Despite the risks he took Russell was a difficult man to kill. He was stabbed in prison and survived several gunshot wounds; one from the revolver of an Indian Affairs police officer (1975), two assassination attempts, a grazed forehead from a drive-by shooter (also in 1975), and a wound to the chest from another would-be-assassin in 1976.
Russell Means fought the government not just in the field but also in the courts and for all the energy and money the Federal government spent to lock him away in prison, Russell Means only served a year in a State prison when he was convicted of “involvement” in a riot.
Russell was more than just an activist, he was a musician, a writer, a politician and most famously an actor, notably starring in “The Last of the Mohicans,” and appearing in some 30 films including “Natural Born Killers” and “Pocahontas.” He also ran for President.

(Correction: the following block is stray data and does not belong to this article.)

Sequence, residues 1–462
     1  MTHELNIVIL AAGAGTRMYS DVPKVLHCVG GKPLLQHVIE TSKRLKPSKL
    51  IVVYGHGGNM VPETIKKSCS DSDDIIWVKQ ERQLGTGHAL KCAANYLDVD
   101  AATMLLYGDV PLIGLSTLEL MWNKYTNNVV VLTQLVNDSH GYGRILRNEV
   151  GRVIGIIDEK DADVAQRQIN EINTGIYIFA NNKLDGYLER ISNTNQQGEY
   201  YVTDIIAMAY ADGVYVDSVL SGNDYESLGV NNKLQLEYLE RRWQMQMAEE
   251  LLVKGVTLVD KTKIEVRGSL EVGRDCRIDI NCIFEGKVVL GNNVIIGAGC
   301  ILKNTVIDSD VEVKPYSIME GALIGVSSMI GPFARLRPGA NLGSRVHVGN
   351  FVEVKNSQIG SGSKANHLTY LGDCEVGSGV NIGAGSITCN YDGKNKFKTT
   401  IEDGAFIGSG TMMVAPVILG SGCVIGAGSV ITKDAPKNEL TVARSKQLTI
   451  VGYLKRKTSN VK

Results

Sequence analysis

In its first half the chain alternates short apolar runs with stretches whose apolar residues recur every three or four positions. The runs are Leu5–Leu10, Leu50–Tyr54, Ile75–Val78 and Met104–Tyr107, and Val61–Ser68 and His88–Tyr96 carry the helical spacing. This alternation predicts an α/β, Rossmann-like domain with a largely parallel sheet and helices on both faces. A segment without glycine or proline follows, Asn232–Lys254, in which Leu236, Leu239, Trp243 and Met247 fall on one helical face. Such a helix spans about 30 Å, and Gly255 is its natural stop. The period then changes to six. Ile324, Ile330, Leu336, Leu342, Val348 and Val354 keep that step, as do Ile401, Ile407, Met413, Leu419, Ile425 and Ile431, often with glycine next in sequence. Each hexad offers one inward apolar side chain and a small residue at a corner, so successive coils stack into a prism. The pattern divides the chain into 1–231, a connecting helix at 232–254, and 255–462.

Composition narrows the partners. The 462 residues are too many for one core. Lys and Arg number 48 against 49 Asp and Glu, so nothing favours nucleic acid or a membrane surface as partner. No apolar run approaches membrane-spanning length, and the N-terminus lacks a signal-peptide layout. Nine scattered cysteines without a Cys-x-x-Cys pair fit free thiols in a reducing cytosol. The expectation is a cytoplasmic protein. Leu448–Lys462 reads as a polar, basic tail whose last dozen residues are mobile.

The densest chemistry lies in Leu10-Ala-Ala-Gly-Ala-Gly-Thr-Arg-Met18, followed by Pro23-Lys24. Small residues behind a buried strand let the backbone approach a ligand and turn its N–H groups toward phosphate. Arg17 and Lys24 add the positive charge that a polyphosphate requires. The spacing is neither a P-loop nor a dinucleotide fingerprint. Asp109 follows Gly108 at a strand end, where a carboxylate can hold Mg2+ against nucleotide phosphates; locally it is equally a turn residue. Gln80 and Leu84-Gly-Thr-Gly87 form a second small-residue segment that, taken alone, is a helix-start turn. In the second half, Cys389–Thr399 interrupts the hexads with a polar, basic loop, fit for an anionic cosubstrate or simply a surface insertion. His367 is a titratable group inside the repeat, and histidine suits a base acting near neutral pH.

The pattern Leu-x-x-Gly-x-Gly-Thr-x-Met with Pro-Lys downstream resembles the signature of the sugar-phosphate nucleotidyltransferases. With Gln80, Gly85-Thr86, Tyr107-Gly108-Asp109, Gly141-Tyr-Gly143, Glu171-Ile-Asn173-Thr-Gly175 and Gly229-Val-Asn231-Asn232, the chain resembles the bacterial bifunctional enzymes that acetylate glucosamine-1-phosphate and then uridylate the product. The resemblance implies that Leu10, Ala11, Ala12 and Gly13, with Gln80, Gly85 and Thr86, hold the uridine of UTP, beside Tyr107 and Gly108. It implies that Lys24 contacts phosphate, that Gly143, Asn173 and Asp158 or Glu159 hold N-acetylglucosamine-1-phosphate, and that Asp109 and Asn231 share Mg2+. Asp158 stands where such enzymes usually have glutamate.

Like any activist and outspoken personality, people either loved him or they hated him, and that to me always indicates someone who is actually making a difference. You don’t change the world by making everyone happy, because a good percentage of people will violently oppose you if you rock the boat. And Russell Means was one hell of a boat-rocking badass because ever since the notorious Mayflower landed in 1620 this boat called America has needed rocking.
Russell Means did in fact rock the actual Mayflower in 1970 when he led a group of AIM activists in seizing the Mayflower II.
Critics have accused Russell of a variety of sleights, called him a self-promoting opportunist, a charlatan and a coward.